·   2013 Council Resolution to implement the option to relocate the Kart Club and Greyhounds from Carrs Reserve to a suitable site and fund the land-use and discharge consent processes;

·   2015 Council Resolution to implement the option to relocate the Kart Club and Greyhounds from Carrs Reserve to a suitable site at a fixed sum of $3.5M and fund the land-use and discharge consent processes at a capped amount of $100,000;

·   An agreement in 2016 between Council and Kart Club regarding the surrender of lease and Surrender Payment of $3.5M (an agreement with the Canterbury Greyhounds for the surrender of lease and Surrender Payment of $450,000 will be initiated if and when the Kart Club consent is granted); and

·   Land Use Consent and Discharge Permit applications were lodged with Council and Environment Canterbury respectively on October 2017. Both applications are currently on hold pending further information required.

5.10    Attached is a brief history of the work to date and a copy of the 2016 Deed of Surrender of Lease. The Kart Club has held a bona fide lease with Council (and its predecessor, Paparua County Council) since 1988, and the current situation it finds itself in is only the result of the Awatea rezoning and through no action of its own doing. The Club has resisted investing at its current site whilst the consent process is underway, but is now reaching a critical juncture wherein it needs clarity on its long-term future.

6.   Option 1 – Council continues to support the Kart Club relocation by providing additional funds towards the consent process (preferred)

Option Description

6.1       This option will involve the Council increasing the budget (via the Non-Conforming Uses Fund) and agreeing to provide up to $70,000 towards the consent process to enable the achievement of the Council resolution dated 13 August 2015 regarding the relocation of Christchurch Kart Club.  This funding would be held by the Citizens and Community Group and expended against the consent costs.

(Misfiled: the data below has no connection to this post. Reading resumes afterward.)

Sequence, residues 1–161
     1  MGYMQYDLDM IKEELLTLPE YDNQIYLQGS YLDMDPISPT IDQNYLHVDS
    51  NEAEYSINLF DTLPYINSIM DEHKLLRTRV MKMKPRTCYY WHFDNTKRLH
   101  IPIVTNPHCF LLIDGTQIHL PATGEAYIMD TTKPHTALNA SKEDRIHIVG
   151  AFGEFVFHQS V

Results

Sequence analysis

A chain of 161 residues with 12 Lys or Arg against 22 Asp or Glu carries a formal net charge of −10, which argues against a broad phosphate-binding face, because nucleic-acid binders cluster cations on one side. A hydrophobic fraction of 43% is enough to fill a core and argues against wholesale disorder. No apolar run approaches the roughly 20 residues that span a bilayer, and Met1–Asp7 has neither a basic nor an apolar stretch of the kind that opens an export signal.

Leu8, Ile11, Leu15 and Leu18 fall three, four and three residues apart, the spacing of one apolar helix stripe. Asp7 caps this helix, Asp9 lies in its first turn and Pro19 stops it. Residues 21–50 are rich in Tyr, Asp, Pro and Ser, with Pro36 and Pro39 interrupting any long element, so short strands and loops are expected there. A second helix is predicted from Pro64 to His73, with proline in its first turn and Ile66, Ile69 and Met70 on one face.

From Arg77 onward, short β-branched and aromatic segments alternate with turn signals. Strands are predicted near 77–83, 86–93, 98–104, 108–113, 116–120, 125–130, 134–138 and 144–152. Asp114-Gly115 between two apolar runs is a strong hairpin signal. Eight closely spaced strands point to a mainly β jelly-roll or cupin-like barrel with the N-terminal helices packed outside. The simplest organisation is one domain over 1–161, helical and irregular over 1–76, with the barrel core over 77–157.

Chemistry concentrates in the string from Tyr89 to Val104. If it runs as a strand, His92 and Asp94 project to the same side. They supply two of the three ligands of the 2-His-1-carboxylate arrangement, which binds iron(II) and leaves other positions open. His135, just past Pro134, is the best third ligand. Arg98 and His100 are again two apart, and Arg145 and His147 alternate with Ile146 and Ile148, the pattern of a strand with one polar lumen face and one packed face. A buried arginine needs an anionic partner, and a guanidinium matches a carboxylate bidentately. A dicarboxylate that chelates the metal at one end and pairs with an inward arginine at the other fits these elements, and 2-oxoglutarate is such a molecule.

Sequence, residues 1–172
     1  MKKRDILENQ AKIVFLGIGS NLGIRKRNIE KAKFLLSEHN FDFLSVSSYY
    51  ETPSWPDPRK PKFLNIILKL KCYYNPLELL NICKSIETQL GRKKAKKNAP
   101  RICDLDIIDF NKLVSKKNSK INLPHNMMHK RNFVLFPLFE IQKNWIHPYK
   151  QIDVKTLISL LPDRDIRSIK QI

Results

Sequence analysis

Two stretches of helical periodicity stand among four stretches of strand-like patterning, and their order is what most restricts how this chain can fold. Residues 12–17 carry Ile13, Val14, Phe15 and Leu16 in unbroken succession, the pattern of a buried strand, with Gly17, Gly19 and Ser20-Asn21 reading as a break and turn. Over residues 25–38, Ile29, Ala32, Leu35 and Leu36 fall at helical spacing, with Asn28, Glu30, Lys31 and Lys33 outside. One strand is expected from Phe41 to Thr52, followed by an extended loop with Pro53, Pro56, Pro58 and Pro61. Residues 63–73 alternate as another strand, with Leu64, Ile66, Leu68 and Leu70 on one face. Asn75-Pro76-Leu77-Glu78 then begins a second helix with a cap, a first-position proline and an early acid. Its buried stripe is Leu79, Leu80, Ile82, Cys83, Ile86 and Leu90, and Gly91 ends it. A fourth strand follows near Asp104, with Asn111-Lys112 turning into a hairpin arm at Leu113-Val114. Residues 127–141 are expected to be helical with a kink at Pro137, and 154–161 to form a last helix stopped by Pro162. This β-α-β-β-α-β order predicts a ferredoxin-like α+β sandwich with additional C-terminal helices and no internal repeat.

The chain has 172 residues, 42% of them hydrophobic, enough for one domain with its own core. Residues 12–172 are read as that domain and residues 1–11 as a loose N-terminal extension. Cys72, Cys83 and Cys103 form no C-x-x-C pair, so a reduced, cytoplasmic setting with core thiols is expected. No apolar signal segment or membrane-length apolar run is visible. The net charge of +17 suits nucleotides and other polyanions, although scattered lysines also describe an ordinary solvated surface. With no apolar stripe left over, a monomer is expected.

Significance

6.2       The level of significance of this option is high consistent with section 2 of this report.

6.3       Engagement requirements for this level of significance are to be determined through the statutory consent notification process.

Impact on Mana Whenua

6.4       This option does not involve a significant decision in relation to ancestral land or a body of water or other elements of intrinsic value, therefore this decision does not specifically impact Ngāi Tahu, their culture and traditions. It is noted however that Te Taumutu Rūnanga and Te Ngai Tuahuriri Rūnanga, who have a shared interest in the South-West Christchurch area, supports a consistent approach with that taken in the Council’s South-West Area Plan, which includes the relocation of Kart Club’s track and facilities.

Community Views and Preferences

6.5       The Kart Club is specifically affected by this option. This option will enable the Kart Club to fulfil the sole condition of the 2016 Deed of Surrender to obtain a resource consent, and subsequently surrender its lease to Council. The Kart Club supports this option.

6.6       The Awatea residents are specifically affected by this option due to development constraints imposed on land surrounding Carrs Reserve whilst Kart Club operates at its existing site.  Their view is that the sooner the Kart Club obtains the resource consent the sooner the Club can relocate and, as a result, release their land for residential development.

6.7       KB Quarries is also specifically affected by this option, being the landowner of the consent application site. This option will help satisfy one of the conditions stipulated in its 2012 Sale and Purchase Agreement with Kart Club.